What will take EHRs to the next level: WakeMed CMIO Dr. Neal Chawla

Healthcare providers across the U.S. are leveraging technology to better care for patients and tackle population health issues.

The actual care delivery is moving beyond the physician's office and the hospital to incorporate virtual care visits, remote patient monitoring and more. Care teams are also becoming more integrated to tackle complex patient issues. How can technology improve clinical care and tackle the big challenges in population health?

Neal Chawla, MD, chief medical information officer at Raleigh, N.C.-based WakeMed, joined the "Becker's Healthcare Digital Health + Health IT" podcast to answer these questions.

Note: Responses have been slightly edited for clarity.

Question: What are the big challenges you're facing today?

Dr. Neal Chawla: The biggest challenge is having real-time or near-real-time communication. We've got great platforms now for EHRs, but we need to get the level on top of that for nonmedically documented care. There are a lot of phone calls, pages and text messages about the patient and we want to get that all together in one integrated way. Then we can get the right physicians, nurses, pharmacists or case managers involved and communicating with each other.

The next challenge is population health. What we're trying to do over the next year or two is getting the right infrastructure in place so we have both the operations and technology working together to manage populations of patients in the fee-for-value world. We are actively preparing for that right now, even though the transition has already begun to happen.

The third challenge is stepping down the pathway of trying to figure out predictive analytics and how we move from reactive to proactive data. That's been a challenge to figure out what are the algorithms we need and how we can make them represent our patient populations and then learn and grow. Then we can figure out the right interventions that we're able to actually put in place so we can bring them back for clinical transformation. We will then monitor our progress to see if these things truly help our patients live better lives.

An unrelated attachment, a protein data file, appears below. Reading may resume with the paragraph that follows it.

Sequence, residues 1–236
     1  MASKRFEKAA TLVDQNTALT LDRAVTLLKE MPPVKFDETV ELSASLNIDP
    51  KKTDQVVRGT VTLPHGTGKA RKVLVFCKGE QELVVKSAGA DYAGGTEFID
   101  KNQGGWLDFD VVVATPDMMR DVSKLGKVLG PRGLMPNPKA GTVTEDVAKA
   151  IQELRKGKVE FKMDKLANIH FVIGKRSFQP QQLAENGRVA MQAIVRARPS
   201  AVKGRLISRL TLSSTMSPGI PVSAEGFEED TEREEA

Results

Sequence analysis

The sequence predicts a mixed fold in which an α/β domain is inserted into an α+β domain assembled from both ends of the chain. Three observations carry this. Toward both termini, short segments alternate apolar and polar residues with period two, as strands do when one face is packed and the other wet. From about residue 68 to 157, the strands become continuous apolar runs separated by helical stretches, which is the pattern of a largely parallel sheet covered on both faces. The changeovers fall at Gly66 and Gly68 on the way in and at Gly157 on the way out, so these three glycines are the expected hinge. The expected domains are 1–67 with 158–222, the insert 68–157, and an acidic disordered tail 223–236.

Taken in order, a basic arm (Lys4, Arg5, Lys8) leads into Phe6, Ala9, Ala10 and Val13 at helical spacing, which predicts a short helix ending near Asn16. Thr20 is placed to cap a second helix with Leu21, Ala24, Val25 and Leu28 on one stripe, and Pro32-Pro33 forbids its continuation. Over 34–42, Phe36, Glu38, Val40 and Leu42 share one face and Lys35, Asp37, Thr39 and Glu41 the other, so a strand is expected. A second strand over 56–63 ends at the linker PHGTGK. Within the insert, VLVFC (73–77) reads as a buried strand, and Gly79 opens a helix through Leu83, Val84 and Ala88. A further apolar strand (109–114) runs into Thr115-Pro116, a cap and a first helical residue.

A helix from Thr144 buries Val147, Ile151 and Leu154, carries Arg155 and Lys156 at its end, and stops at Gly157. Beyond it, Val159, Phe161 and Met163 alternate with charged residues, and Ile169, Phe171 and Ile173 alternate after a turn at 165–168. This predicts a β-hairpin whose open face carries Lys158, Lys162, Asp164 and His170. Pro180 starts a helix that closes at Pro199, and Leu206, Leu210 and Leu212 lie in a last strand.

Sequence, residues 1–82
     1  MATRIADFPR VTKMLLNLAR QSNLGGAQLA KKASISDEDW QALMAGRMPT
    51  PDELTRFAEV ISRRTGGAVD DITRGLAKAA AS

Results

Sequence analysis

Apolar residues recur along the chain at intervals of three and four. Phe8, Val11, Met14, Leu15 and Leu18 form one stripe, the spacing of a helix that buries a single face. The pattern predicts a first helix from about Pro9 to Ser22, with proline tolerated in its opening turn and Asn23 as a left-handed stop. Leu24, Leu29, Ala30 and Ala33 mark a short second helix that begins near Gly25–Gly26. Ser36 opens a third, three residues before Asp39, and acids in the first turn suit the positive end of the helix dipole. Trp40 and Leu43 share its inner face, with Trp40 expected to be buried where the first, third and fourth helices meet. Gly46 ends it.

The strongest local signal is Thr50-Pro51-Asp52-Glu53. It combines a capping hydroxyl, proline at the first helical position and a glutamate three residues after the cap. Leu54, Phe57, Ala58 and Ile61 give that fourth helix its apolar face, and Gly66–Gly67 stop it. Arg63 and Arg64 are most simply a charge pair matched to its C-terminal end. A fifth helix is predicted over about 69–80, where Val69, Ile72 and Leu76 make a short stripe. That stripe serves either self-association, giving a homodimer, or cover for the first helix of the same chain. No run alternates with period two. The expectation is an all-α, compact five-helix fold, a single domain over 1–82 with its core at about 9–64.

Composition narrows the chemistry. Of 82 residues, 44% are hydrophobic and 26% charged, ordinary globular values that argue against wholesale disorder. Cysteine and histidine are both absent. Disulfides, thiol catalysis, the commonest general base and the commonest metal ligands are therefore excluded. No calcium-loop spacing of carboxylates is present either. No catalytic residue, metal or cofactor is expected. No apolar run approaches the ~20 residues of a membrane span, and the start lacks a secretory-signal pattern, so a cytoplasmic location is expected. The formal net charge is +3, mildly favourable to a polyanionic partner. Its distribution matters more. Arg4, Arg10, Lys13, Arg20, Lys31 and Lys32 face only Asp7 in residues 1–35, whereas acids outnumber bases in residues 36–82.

Q: How will your clinical and technology teams change to overcome these challenges?

NC: We are in the early stages of growing a care management team so we're able to really monitor, track and intervene on patients while they are at home. Before the EHR days, our only opportunity to interact with a lot of patients was when they were in our office to see us. Now we need to really grow our ability to take care of patients when they're not with us. We are growing the care manager skill set to lead us toward remote patient monitoring and having the patients do more from home with blood pressure reading, weight scales, glucose monitors and more.

We need more population health skill sets. As I talk about remote patient monitoring from the early days of the pandemic, we are now moving toward telemedicine and we have a lot more tech that is patient facing. But we don't always have the easy patient-facing tech support. During the early days of the pandemic, we were just getting going with telemedicine and video visits. We inadvertently forced our clinics to become tech support to the patient on this brand new technology that they were just learning, too. That was pretty hard.

Patients are going to start buying devices that they want to connect and send us data, and they are going to run into tech issues. Figuring out how we provide good patient-facing tech support is definitely going to be a skillset we need down the road.

We are also moving into more complex data analytics and looking at data science. We need skill sets to really interpret the data well and statistical skill sets we will need to deliver the best care possible to patients and have the best algorithms that can guide us. Those are some of the newer skill sets that we are not fully mature on today that we will need down the road.

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